Finishes and WIPs

Hello all. I hope you are enjoying the lovely fall weather. It’s been a tad bit chilly, but that only hastens the leaves turning colors.

I’ve got a couple finishes to show. First of all, I finished the Baby Blanket of No Discernible Stitches:

It all went swimmingly once I put the dang markers in. Turns out, it’s a beautiful blanket and I’m sure the baby will love dragging it around the house, once he learns to walk, that is. It feels like a plushy, so it’ll be like a giant flat stuffed animal.

My second finish is the Warm Feelings cowl that I made from Aunt Mildred’s mohair:

It’s warm and soft and lovely. Every time I put it on I’ll think of her. I don’t remember her ever knitting, but she taught me to make Rocky Road Fudge, which I loved. 

The third WIP is one that was long in the making. It’s a spinning project that you remember from last year, August of 2021.


Yes, I have finally finished spinning all that black Romney fleece that I bought at the Fiber Frolic before I had a stroke. And it only took a year! Woohoo! I actually estimated that it would take me three months or so, but a) that was underestimating the time and b) I took several months-long spinning breaks. Like this last July and August, and another break early last spring, because I needed to get my Christmas knitting done for this year. The last six skeins are drying after their twist-setting bath even as we speak, but here is a picture I took of all my yarn, most in washed skeins, two in unwashed skeins, and four still on the bobbin after plying:

I have eighteen skeins of lovely black, cushy, soft, heavy worsted or Aran weight goodness that will be glorious to knit with. My skeins are a little more than 100 g, or 4 ounces. The sweater I plan to knit is this one:

It’s an old Candide pattern from 1991 that I have knit before. I loved that sweater and always wanted to knit it again, and now I can knit it with homespun yarn. 

So that leaves me with WIPs. Actually, I only have one at the moment, a pair of socks for myself that I am using some of Arline’s stash for. It’s an 80% merino and 20% nylon; the color is called Olive Oyl.

This yarn is from The Woolen Rabbit in North Conway, NH.

I’m just knitting a sock out of Yankee Knitter #29, my old standby …


… but I think I will put an ‘umbrella’ toe on it which I found in Kay Jones’ Crunkled Socks and really liked. It doesn’t use Kitchener Stitch.

Aunt Mildred’s Mohair


My Aunt Mildred was the only sibling of my father, and she was born around 1905 or 6. My father was born in 1907, so she was older. I remember a photo taken of the two of them, he sitting happily in a chair and she standing shyly next to him, both dressed to the nines. Aunt Mildred looked about 5 at the time. She had a frilly dress, waist length hair, and a large bow perched on top of her head.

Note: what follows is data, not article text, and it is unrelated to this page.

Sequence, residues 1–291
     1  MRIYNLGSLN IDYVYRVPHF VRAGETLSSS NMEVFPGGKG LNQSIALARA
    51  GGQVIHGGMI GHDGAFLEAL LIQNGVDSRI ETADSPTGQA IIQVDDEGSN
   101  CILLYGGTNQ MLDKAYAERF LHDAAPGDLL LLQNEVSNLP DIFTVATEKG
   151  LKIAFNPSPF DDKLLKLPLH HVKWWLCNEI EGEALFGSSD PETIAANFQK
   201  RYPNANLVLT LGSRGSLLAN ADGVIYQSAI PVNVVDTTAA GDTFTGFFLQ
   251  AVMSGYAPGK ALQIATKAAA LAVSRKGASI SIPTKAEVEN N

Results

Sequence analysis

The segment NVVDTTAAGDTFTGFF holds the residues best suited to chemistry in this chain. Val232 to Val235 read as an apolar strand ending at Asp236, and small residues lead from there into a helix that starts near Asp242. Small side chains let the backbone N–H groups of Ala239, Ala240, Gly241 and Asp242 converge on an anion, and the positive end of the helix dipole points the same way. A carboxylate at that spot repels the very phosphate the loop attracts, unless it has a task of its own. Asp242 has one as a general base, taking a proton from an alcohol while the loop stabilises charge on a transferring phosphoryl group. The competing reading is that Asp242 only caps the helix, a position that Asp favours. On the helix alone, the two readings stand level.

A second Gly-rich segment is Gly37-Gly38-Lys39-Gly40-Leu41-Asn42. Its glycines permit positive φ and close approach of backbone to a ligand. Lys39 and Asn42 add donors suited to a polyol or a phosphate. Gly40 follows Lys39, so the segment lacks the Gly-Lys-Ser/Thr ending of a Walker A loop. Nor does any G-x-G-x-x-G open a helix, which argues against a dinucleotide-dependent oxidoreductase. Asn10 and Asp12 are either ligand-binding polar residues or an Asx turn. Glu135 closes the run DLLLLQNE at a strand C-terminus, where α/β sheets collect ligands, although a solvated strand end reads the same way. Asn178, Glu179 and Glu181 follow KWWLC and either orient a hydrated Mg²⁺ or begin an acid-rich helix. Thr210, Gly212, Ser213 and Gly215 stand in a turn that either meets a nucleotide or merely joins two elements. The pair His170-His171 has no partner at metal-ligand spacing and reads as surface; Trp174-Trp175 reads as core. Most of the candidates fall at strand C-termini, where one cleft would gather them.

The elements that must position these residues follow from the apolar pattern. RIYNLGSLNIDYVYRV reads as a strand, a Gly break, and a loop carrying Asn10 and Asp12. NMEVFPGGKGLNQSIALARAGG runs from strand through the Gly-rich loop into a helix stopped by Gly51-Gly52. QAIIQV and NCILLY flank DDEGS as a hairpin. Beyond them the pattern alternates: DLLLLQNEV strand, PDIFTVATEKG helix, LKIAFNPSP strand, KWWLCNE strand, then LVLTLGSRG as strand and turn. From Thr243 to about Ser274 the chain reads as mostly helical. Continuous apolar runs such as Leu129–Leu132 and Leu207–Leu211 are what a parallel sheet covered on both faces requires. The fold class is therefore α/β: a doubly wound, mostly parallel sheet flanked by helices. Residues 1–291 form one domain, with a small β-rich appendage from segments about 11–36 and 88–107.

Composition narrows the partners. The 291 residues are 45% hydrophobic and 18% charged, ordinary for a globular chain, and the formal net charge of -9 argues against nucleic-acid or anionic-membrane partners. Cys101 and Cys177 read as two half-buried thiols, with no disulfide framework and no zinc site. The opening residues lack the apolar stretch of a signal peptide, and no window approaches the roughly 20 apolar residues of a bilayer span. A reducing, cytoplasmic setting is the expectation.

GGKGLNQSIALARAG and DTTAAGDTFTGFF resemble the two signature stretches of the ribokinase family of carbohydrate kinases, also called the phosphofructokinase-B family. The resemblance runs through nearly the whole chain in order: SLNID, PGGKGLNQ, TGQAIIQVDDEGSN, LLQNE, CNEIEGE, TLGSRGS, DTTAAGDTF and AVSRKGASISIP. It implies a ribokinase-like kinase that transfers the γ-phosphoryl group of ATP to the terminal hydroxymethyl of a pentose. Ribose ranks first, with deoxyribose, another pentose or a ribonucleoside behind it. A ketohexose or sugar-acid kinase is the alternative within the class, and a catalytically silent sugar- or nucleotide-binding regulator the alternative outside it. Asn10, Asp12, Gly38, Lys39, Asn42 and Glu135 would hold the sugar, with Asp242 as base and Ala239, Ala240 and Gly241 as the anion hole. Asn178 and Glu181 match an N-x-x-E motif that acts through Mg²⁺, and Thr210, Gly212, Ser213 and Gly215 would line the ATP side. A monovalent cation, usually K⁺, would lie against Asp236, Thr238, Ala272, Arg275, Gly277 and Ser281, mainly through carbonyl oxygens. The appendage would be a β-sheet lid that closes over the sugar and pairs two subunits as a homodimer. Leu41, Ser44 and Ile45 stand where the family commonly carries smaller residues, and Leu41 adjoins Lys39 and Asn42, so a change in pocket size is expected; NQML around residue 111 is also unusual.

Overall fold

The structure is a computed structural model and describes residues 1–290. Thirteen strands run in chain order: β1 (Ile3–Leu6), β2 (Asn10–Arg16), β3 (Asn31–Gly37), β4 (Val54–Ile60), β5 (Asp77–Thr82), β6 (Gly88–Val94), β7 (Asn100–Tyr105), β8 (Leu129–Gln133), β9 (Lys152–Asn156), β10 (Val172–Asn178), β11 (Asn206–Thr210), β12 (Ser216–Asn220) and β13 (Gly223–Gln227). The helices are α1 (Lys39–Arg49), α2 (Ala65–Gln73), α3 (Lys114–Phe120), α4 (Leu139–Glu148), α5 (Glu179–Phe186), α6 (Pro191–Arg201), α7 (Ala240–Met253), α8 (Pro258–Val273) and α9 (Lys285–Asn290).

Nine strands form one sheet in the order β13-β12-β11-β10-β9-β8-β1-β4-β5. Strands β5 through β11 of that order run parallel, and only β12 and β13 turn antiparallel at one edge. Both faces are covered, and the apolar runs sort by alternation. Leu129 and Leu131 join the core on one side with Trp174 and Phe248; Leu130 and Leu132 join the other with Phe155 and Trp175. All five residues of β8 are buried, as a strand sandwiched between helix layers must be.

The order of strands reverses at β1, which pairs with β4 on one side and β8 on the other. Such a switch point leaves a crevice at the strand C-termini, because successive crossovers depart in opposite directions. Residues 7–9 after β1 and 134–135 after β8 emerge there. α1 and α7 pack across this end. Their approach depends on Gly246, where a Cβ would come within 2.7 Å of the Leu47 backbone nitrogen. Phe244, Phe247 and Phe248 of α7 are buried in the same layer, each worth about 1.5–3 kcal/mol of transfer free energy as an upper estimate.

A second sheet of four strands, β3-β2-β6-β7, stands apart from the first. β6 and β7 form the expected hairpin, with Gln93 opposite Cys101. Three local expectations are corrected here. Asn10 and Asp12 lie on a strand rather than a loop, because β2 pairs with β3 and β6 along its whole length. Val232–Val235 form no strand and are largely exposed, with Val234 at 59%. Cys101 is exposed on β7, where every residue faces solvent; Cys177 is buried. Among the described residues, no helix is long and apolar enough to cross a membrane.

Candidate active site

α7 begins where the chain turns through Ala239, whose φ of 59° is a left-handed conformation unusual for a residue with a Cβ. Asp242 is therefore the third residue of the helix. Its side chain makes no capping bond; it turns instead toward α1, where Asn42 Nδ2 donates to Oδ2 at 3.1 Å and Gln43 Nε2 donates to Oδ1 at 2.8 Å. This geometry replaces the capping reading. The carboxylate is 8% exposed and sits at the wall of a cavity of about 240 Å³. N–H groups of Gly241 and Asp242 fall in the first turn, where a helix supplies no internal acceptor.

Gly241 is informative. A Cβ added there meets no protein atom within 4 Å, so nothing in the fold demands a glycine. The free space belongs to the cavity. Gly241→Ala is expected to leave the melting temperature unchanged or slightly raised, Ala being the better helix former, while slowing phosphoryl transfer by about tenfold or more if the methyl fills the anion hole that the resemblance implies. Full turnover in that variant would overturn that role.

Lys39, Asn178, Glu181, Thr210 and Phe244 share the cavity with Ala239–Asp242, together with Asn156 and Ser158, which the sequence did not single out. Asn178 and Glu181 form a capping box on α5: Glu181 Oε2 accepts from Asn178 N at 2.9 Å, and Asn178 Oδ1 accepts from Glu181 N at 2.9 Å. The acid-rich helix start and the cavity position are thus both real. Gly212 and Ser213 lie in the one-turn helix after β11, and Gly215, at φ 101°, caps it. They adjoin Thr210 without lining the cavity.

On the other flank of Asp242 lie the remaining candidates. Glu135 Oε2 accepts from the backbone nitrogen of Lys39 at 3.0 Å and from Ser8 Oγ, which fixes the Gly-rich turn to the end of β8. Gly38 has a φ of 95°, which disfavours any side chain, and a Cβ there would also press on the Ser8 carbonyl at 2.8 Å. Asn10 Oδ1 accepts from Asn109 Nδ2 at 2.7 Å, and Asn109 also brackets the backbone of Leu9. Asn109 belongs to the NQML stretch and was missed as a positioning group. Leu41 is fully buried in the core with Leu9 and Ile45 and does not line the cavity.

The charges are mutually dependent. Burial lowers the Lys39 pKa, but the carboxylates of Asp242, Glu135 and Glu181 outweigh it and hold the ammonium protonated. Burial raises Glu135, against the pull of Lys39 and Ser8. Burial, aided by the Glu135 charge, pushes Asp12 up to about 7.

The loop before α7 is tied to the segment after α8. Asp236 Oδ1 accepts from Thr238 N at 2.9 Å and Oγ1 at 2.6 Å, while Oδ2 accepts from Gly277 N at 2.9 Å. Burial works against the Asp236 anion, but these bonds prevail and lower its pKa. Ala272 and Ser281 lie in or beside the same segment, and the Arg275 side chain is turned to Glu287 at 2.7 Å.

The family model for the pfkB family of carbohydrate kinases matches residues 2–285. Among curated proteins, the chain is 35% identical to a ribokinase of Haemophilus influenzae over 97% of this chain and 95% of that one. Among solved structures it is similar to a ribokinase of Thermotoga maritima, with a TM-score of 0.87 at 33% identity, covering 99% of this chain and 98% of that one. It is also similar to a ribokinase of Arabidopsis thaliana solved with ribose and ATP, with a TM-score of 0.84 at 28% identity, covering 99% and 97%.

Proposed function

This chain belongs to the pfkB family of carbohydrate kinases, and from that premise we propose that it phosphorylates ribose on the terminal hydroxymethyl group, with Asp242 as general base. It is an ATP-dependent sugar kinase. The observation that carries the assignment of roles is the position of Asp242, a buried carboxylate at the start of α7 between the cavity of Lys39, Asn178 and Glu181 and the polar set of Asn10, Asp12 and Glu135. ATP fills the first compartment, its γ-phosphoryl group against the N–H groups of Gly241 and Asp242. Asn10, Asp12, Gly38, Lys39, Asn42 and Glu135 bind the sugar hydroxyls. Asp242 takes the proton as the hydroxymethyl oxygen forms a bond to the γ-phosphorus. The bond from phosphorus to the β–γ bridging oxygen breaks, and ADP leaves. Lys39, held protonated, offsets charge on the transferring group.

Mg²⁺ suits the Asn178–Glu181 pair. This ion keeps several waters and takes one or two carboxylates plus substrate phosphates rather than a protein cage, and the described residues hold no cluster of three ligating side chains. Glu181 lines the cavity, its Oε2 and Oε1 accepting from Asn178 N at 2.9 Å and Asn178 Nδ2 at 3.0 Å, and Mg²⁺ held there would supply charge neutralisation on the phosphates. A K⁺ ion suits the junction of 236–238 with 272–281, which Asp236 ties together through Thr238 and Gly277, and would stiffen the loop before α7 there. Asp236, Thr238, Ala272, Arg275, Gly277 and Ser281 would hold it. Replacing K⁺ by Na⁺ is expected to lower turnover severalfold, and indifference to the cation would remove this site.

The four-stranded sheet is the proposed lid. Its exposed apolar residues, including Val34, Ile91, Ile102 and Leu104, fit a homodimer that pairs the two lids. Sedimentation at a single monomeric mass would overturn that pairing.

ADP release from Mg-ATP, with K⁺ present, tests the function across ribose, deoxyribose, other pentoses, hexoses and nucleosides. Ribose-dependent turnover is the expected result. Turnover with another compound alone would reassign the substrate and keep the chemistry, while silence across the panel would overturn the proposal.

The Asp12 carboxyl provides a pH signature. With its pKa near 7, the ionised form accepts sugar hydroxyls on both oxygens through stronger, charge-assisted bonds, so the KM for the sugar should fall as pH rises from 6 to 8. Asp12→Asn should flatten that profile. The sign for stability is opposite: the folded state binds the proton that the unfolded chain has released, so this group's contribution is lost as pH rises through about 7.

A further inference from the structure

Aunt Mildred died in 1996, and after she died her daughter in law sent me a wall hanging I had quilted for her and a box of pale yellow mohair that Aunt Mildred had, because I knit.


Swiftly fast forward to September 2022. I finally pulled the yellow mohair out to knit something with it. I sort of recognized the label, which said the yarn was from the Reynolds Yarns company. I bought Reynolds Kitten yarn when I was in college, and I think that Classic Elite bought their mohair line and renamed it La Gran, but don’t quote me on that.


Wow, I thought. This mohair looks really old. I wonder how old it is? Then I fell down the rabbit hole of finding out about old yarn …

Ravelry had stashed No. 1 Mohair by Reynolds 168 times, and there were 69 projects that used it. Of the 69, there was one woman who guessed it was from the late 50’s. She was close. 

The yarn tag says it is 85% mohair and 15% vinyan. “Vinyan” is a misspelling and means anger, and there is a 2008 French-Belgian-Australian horror film which was all I could find about it. The word actually should be “vinyon”, which is a synthetic fiber made from polyvinyl chloride. The first U.S. commercial vinyon fiber produced was in 1939. It’s an Aran weight, not a fingering weight as stated in Ravelry’s database.

Back to the Internet. I found a really great website called Vintage Knit Crochet — Bits of History  that had Reynolds No. 1 Mohair. Jackpot!

Reynolds No. 1 Mohair was imported from France in March, 1962 and was marketed with two full page ads in Needlecraft magazines.


The yarn was around for 11 years, and was phased out in 1973. I had thought Aunt Mildred likely bought it in 1972 or 1973, so I was probably correct. She may have bought it on sale when they were getting rid of it.

Aunt Mildred’s mohair is color 8, a lovely soft yellow, and I am knitting it up in a cabled cowl pattern called Warm Feelings, a free pattern from DROPS.

It will be soft and warm like sunlight, and will be like a pleasant hug on a cold day. Just like Aunt Mildred.